background preloader

Jack Kerouac’s List of 30 Beliefs and Techniques for Prose and Life

Jack Kerouac’s List of 30 Beliefs and Techniques for Prose and Life
by Maria Popova “No fear or shame in the dignity of yr experience, language & knowledge.” In the year of reading more and writing better, we’ve absorbed David Ogilvy’s 10 no-bullshit tips, Henry Miller’s 11 commandments, John Steinbeck’s 6 pointers, and various invaluable advice from other great writers. Now comes Jack Kerouac — cultural icon, symbolism sage, exquisite idealist — with his 30-point list, entitled Belief and Technique for Modern Prose. With items like “No fear or shame in the dignity of yr experience, language & knowledge” and “Accept loss forever,” the list is as much a blueprint for writing as it is a meditation on life. The list was allegedly tacked on the wall of Allen Ginsberg’s hotel room in North Beach a year before his iconic poem “Howl” was written — which is of little surprise, given Ginsberg readily admitted Kerouac’s influence and even noted in the dedication of Howl and Other Poems that he took the title from Kerouac. Donating = Loving Share on Tumblr

http://www.brainpickings.org/index.php/2012/03/22/jack-kerouac-belief-and-technique-for-modern-prose/

Related:  ProseAuthors

Memoir Manifesto by Deb Olin Unferth Guest editor Deb Olin Unferth offers insights into the art of the memoir and introduces the present and future stars of the genre. Photograph via Flickr by Alice Carrier Let’s have no more insults hurled at the memoir, shall we? 130, Italo Calvino Upon hearing of Italo Calvino’s death in September of 1985, John Updike commented, “Calvino was a genial as well as brilliant writer. He took fiction into new places where it had never been before, and back into the fabulous and ancient sources of narrative.” At that time Calvino was the preeminent Italian writer, the influence of his fantastic novels and stories reaching far beyond the Mediterranean. Two years before, The Paris Review had commissioned a Writers at Work interview with Calvino to be conducted by William Weaver, his longtime English translator.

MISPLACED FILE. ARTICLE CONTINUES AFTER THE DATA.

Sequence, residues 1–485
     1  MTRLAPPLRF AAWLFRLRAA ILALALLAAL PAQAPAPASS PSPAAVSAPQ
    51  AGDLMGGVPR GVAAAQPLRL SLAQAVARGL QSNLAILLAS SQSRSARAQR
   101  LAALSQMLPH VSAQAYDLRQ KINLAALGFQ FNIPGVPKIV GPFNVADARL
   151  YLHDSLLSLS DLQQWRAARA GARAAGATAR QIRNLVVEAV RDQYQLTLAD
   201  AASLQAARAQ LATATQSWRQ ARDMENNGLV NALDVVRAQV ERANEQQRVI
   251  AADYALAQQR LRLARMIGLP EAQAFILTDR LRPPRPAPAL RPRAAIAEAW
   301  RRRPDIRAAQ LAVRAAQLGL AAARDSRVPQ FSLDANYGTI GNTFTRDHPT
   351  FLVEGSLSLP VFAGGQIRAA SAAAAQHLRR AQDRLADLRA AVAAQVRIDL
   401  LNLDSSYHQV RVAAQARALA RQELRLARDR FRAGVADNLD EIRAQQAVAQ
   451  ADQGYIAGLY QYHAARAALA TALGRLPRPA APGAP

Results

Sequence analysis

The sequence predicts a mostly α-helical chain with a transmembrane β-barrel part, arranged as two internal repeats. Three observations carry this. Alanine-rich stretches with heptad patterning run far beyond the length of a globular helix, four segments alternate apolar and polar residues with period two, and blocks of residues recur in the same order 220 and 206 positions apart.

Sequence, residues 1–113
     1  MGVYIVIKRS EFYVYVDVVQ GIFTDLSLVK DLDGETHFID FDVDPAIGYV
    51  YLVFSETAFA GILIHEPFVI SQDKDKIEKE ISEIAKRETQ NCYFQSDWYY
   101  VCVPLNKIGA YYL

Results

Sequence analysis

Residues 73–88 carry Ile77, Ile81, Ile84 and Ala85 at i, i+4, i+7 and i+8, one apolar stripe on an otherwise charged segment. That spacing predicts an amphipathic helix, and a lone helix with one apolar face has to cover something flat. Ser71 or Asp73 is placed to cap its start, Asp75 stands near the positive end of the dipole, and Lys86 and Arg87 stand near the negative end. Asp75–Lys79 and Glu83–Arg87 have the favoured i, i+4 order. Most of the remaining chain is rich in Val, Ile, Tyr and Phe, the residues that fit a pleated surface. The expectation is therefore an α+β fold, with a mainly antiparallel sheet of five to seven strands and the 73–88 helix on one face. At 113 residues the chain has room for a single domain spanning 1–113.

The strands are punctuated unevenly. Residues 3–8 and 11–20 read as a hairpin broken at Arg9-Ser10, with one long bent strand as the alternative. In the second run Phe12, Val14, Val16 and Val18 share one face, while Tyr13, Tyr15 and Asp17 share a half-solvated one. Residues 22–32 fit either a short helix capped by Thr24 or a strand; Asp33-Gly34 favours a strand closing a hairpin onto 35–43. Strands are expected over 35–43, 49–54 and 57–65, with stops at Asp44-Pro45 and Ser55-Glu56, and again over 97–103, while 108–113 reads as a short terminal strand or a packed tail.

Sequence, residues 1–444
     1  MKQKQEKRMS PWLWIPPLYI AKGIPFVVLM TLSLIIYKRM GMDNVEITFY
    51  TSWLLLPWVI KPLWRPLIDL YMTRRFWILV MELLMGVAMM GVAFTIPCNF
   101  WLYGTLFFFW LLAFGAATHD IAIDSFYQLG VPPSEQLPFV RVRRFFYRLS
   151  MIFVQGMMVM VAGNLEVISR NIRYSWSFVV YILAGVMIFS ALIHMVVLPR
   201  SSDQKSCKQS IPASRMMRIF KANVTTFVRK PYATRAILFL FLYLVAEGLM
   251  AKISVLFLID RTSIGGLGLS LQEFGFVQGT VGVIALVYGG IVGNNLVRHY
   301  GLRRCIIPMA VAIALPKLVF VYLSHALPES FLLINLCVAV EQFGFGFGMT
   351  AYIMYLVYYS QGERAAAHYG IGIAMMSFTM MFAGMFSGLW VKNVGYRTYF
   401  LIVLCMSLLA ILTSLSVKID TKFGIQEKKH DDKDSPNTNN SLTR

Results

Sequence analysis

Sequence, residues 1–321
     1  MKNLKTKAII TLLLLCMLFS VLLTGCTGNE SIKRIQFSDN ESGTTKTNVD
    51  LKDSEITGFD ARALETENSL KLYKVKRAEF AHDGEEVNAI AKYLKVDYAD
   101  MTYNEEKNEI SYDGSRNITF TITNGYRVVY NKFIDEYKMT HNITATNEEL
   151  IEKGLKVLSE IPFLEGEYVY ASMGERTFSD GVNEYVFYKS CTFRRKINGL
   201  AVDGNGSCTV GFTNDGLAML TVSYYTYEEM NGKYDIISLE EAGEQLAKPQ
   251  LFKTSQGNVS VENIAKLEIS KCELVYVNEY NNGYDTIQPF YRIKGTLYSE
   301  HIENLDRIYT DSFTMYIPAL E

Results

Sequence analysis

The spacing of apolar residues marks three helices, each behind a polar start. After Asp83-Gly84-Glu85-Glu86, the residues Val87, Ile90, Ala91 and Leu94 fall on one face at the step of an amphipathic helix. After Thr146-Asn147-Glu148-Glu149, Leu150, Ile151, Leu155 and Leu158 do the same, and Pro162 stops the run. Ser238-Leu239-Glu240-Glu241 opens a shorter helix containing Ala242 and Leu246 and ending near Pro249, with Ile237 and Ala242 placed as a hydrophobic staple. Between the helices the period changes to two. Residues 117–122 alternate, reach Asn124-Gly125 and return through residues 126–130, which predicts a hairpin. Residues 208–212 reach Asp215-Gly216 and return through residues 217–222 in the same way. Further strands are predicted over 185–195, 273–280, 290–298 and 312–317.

Six Tips on Writing from John Steinbeck By Maria Popova If this is indeed the year of reading more and writing better, we’ve been right on course with David Ogilvy’s 10 no-nonsense tips, Henry Miller’s 11 commandments, and various invaluable advice from other great writers. Now comes Pulitzer Prize winner and Nobel laureate John Steinbeck (February 27, 1902–December 20, 1968) with six tips on writing, originally set down in a 1962 letter to the actor and writer Robert Wallsten included in Steinbeck: A Life in Letters (public library) — the same magnificent volume that gave us Steinbeck’s advice on falling in love. Future - Technology - Cats, memes and internet schemes Why is the internet so obsessed with pictures of cats and is there more to them than meets the eye? “Oh hai. Welcom 2 dis weekz colum all bout teh peculiar fenomenon ov memez an teh internetz fascianashun wif kats.” That sentence probably puts you in one of two camps: someone who thinks the BBC’s standards have reached an all time low, or an aficionado of one of the most virally pervasive of all internet memes, the lolcat. For the uninitiated, lolcats are the near-numberless offspring of a venerable class of object: the “image macro”, in which text is superimposed on to a photograph. Born in the mid-2000s, “laugh-out-loud-cats” – as nobody would ever dream of spelling them out – pair cute animal images with comically-misspelt captions.

Elmore Leonard’s 10 Rules of Writing Never open a book with weather. If it’s only to create atmosphere, and not a character’s reaction to the weather, you don’t want to go on too long. The reader is apt to leaf ahead looking for people. 'The Black Dog' by W. H. C. Pynchon The Dog, J. Laurent, 1874. From Archivo Ruiz Vernacci, Fototeca del IPCE, Madrid. by W.